What Lance Read in 2022

I continue to be surprised by how often people ask me what book(s) I am reading. I suppose this can be an interesting question to ask an author, but I am a fairly private person in this regard and don’t necessarily think of my reading choices to be of interest to anyone else.

I try to remind myself on these occasions that “good teammates share”—even when the information seems irrelevant to them—because others can benefit from their experiences.

For that reason, I have again resolved to embrace the notion that others may find my reading list useful and am therefore happily sharing the books I read this year.

First, a few points to consider…

1. I read for the sole purpose of learning. This means I choose my books with the expectation of them helping me become a better version of myself. This also means that I typically only read non-fiction.

2. Like many of you, I have a busy a schedule. My life is filled with work and family commitments. Time is finite and does not always allow me to read whenever I want. I am also a slow reader. Reading at least one book per month is a reasonable goal for me.

3.  I don’t continue to read books I don’t like. In the past, if I started a book and it became uninteresting to me, I continued to forge ahead through the monotony until I finished it. I no longer subscribe to this practice (*Advice I got from Gretchen Rubin!). Now, I simply stop reading the book if I don’t find value in it. This note is significant because I finished every book listed below and found value in every one of them.

4. Finally, what’s listed below is not a full book review but rather a key takeaway I got from each book.

Skill with People
by Les Giblin

A good listener always winds up far ahead of a good talker in people’s affections. This is because a good listener always allows people to hear their favorite speaker: themselves.

Atlas of the Heart: Mapping Meaningful Connection and the Language of Human Experience
by Brene Brown

Empathy is a tool of compassion. To respond with empathy, you must be willing to be present in someone’s pain. If you’re not willing to do that, it’s not real empathy.

The Friendship of Women
by Joan Chittister

Your friends are your estate. They are the only real wealth you have in the end. They are the treasures you accrue in life and, ultimately, the measure of your own worth.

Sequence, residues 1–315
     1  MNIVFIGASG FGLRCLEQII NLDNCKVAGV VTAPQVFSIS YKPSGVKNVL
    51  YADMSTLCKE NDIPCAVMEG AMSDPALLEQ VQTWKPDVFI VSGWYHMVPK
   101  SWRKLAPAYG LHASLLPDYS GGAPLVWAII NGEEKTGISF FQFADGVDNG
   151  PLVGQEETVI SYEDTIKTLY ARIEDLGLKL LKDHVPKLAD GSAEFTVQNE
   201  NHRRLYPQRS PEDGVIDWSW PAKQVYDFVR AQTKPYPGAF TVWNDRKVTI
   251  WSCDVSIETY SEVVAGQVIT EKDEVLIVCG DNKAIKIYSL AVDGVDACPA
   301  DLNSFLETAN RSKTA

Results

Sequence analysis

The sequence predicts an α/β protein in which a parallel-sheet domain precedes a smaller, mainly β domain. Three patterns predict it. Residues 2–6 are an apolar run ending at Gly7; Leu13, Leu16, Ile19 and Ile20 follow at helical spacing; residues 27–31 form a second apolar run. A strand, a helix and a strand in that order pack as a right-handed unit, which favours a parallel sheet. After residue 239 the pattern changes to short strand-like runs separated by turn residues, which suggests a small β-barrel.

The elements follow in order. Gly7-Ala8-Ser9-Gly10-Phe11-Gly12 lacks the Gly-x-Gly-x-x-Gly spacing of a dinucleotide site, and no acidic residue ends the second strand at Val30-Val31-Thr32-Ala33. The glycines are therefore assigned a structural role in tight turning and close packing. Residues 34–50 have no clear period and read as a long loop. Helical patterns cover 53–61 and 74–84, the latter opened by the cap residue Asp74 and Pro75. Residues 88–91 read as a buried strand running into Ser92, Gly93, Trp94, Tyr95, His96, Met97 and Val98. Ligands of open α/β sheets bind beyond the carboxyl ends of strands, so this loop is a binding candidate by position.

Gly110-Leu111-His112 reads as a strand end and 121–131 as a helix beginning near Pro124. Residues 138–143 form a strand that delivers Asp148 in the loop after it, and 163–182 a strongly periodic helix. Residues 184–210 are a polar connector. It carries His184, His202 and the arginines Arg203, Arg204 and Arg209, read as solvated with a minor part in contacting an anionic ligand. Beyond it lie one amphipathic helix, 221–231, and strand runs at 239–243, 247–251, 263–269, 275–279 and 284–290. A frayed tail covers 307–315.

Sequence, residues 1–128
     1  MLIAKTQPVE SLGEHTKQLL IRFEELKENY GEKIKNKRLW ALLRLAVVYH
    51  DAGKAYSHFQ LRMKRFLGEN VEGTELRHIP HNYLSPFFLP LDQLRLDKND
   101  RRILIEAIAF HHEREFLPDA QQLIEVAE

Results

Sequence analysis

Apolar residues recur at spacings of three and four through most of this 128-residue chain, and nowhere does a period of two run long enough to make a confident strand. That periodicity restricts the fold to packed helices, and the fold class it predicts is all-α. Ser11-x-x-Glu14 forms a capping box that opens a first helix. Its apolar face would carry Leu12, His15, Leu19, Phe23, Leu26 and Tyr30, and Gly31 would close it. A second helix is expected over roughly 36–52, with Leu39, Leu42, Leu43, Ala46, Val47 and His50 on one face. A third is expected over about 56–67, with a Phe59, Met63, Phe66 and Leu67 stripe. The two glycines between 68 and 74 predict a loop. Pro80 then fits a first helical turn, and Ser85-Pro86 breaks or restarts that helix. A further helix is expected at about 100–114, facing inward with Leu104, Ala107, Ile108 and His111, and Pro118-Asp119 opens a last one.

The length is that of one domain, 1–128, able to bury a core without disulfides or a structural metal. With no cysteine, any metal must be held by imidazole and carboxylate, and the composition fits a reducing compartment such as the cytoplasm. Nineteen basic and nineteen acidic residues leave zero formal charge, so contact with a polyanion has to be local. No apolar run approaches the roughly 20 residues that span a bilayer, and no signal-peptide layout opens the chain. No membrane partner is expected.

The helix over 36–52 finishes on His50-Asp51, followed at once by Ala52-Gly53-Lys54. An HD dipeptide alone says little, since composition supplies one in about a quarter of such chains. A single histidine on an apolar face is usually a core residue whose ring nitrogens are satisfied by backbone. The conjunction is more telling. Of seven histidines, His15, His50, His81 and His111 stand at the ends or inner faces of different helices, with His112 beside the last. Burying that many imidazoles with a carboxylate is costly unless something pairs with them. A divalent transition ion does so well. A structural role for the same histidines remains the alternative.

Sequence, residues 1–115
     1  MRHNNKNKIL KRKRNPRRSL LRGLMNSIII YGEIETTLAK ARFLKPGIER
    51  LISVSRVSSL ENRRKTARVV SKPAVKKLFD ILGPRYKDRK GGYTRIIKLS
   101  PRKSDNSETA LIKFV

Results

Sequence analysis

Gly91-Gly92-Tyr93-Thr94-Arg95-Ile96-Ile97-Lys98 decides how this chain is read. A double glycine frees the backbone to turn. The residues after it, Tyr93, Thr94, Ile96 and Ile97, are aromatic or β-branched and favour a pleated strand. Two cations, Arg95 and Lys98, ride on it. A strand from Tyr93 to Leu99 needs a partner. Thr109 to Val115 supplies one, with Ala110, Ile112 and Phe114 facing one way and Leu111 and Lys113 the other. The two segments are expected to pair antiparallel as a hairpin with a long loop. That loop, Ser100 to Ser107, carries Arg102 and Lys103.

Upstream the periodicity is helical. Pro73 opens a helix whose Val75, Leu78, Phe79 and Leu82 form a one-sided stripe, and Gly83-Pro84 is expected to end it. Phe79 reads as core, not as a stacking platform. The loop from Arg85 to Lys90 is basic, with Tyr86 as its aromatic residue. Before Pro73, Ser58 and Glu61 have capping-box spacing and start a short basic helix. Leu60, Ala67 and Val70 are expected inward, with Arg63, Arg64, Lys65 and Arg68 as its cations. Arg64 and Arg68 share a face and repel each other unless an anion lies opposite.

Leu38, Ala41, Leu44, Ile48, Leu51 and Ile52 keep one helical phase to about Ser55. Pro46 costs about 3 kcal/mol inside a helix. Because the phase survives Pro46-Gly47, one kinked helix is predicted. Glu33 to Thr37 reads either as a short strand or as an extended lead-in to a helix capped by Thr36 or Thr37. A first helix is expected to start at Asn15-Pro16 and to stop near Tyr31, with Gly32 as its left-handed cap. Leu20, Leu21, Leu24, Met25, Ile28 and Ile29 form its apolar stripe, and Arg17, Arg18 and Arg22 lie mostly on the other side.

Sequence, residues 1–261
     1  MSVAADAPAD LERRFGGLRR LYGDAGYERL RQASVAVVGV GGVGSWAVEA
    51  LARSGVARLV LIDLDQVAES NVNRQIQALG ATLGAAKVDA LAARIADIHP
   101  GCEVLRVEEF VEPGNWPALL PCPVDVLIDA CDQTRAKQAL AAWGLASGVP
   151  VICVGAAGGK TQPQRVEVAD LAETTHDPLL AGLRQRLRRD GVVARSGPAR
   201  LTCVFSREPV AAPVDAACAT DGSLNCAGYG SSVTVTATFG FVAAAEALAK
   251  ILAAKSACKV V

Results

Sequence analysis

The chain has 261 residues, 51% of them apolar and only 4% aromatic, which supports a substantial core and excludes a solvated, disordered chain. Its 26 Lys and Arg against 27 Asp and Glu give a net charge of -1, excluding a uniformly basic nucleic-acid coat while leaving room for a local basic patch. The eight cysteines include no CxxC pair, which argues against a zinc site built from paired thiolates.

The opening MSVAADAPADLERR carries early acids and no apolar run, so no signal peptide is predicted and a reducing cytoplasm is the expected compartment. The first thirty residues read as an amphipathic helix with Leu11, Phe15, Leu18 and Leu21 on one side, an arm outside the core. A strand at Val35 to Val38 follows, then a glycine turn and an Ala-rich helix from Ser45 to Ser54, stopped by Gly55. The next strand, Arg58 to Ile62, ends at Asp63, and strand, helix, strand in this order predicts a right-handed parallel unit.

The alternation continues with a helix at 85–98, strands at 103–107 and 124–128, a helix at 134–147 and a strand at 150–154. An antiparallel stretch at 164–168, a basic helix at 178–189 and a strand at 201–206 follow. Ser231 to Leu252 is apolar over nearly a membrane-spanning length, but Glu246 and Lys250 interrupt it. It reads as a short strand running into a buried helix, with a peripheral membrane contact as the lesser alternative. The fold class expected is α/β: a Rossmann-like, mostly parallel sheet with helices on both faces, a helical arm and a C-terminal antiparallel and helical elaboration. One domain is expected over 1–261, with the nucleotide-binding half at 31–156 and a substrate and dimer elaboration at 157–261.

Emotional Poverty
by Ruby Payne

When someone has a relationship with an authority figure who is genuinely attuned to them, that connection can help them build an inner experience of wholeness that gives them the space to reflect on their life in ways that can help them make sense of their journey.

The Garden
by Jon Gordon

To win a battle with fear and anxiety, you need to know how the battle is being waged. Just because you have a negative thought doesn’t mean you have to believe it. Faith defeats both doubt and discouragement.

How to Kill in Comedy
by Steve North

There’s a difference between a comedian and a comic. Audiences are endeared to comedians because of the comedian’s character, which consists of inescapable four parts: a flaw, a blind spot, an attitude, and an agenda.

The Athletic Director’s Toolbox – 2nd Edition
by Jake von Scherrer

Leaders who serve others need to find a moment every day for themselves. Because they give so much of themselves to what they do, it’s critical for them to refill their own container—so that they have more to give.

In It Together: The Beautiful Struggle Uniting Us All
by Eckhard Aurelius Hughes

True love is not sacrificing your happiness for another; it’s being happy to sacrifice. You cannot reach a state of ”desirelessness” by merely fulfilling your desires. You must also discover the virtues of being content.

The Impact of Influence – Volume IV
by Chip Baker

A mentor’s influence has generational impact. The impact of every great teacher, coach, leader, etc. can be traced back to the influence someone in a similar position had on their life.

Storyteller: Tales of Life and Music
by Dave Grohl

Each one of your five senses stimulates a different area of your brain. Artistic genius—in its many forms—is often the product of synesthesia, which permits artists, musicians, writers, etc. to experience a creative intertwining of their senses (e.g., they can hear colors and see sounds).

Better Than Before
by Gretchen Rubin

Habits are the invisible architecture of your life. Yet, habits can never become so ingrained that you can ease off their adherence. Complacency will destroy even long-standing habits.

What Happened to You?: Conversations on Trauma, Resilience, and Healing
by Bruce D. Perry and Oprah Winfrey

The trauma people experience during childhood has a profound effect on their brain as an adult. Victims of trauma are more prone to addiction(s) because their baseline stress is different. It’s not a matter of “What’s wrong with you?” so much as it is a matter of “What happened to you?”

Think Again: The Power of Knowing What You Don’t Know
by Adam Grant

When dealing with stubborn people who refuse to change their opinion, ask: “What evidence would change your mind?” Their response provides you with your focal point. If their answer, however, happens to be “nothing,” move on. They are incorrigible.

No Time Like the Future
by Michael J. Fox

Life’s direction can change in the blink of an eye. Sometimes, the path to rediscovering happiness and purpose materializes through the practice of pivoting. Circumstances may preclude you from continuing to be a lead actor, so focus instead on being an amazing character actor.

One final note…

In addition to the books listed above, I also read several manuscripts fellow authors sent me throughout the year for feedback and endorsements. I am excited for the forthcoming publication of these manuscripts and look forward to sharing them with you in the future.

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